Noticing how badly I am doing — on Monday, struggling to deal with practical matters, I wrote this in my journal:

Right now I’m feeling totally blank, like my brain is full of kapok.

The angry phone messages from B reminded me that she had told me something about my friend Eleanor that I was pretty sure wasn’t true, but I doubted my own knowing and had to ask Eleanor what had really happened.  This made me think about the term “gaslighting.”  I looked it up:   “Gaslighting is a form of psychological manipulation that seeks to sow seeds of doubt in a targeted individual or in members of a targeted group, making them question their own memory, perception, and sanity.”   Wikipedia  

Then I watched several YouTube videos.  The best was Ariel Leve, TED talk
My notes from the talk:
Gaslighting — when someone manipulates you into questioning your own sanity
“the erasure of the abuse was worse than the abuse”
There will never be accountability.
Let go of the wish for it to be different.
Stop engaging and develop healthy detachment.

“The erasure of the abuse was worse than the abuse.”  This is what I suffered from as a child.  My pain was not acknowledged, not validated.  This is why I cut myself (also called “self-mutilation”) because the blood let me know, in no uncertain terms, that I had reason to feel pain.  For an illustration, see the post on Grandmother Patches.  Go down to the part about the WHO IF patch.  I don’t think this is true for everyone who self-mutilates, but it was certainly true for me.  I did not begin to understand this until I started working with Erica and she gave me positive mirroring.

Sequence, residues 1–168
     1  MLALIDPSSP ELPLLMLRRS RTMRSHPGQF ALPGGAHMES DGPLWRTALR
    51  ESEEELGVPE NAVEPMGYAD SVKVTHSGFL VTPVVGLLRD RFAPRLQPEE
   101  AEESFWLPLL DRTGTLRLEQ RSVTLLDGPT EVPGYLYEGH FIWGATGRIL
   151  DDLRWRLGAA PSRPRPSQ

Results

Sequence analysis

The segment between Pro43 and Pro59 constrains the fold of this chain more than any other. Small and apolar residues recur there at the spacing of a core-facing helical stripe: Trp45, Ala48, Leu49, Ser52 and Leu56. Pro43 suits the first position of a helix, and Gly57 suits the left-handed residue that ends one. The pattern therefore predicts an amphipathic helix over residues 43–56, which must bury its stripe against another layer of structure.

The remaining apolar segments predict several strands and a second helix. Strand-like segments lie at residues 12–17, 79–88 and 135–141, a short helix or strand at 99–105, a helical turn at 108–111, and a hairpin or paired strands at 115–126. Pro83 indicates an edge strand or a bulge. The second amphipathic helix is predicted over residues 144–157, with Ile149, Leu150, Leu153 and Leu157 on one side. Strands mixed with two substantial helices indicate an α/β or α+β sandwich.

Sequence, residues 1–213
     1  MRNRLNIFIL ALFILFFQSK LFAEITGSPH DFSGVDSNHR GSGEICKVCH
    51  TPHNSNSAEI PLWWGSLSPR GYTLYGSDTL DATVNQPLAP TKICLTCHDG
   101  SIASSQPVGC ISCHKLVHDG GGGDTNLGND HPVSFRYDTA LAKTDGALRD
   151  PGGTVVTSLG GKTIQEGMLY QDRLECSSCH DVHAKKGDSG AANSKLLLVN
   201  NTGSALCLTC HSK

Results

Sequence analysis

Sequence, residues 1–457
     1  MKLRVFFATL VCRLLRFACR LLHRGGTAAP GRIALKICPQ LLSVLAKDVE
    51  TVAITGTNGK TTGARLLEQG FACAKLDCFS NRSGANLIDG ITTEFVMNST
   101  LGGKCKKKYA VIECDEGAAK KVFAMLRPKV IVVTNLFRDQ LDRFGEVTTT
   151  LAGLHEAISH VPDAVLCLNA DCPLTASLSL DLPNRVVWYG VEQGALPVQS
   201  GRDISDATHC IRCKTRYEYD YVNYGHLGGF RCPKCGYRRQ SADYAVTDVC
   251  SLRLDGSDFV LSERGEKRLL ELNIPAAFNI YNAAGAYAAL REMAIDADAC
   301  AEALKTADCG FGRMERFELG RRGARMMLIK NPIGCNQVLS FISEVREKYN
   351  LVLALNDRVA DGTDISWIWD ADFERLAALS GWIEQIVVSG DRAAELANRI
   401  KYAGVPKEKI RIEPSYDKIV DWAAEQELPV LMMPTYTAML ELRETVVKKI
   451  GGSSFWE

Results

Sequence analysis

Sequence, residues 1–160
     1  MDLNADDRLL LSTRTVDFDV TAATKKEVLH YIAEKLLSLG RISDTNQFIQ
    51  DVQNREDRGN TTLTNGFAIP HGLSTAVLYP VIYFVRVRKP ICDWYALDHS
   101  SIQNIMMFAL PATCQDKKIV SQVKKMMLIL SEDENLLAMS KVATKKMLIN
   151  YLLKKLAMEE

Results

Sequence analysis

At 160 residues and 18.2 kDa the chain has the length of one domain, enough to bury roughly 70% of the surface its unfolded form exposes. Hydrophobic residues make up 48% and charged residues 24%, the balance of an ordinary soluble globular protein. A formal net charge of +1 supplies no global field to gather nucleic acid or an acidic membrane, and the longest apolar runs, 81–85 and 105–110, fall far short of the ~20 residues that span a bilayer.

“There will never be accountability.”  I saw this with B, who continued to argue with what I told her.  I also saw it with my mother, in particular her use of the passive voice to avoid responsibility.  When I rewrote the 4th of July Monologue is when I first saw this dynamic.

“Let go of the wish for it to be different.”  Actually, I knew from the beginning with my mother, that it wasn’t ever going to be different.

“Stop engaging and develop healthy detachment.”  When I got the angry phone messages from B, I knew immediately that the relationship was finished.  I didn’t even want to argue.  Perhaps, again, I had learned this from my mother, at the time of the Colonial Dames incident.  I haven’t told that story, I’ll tell it in the next blog post.  

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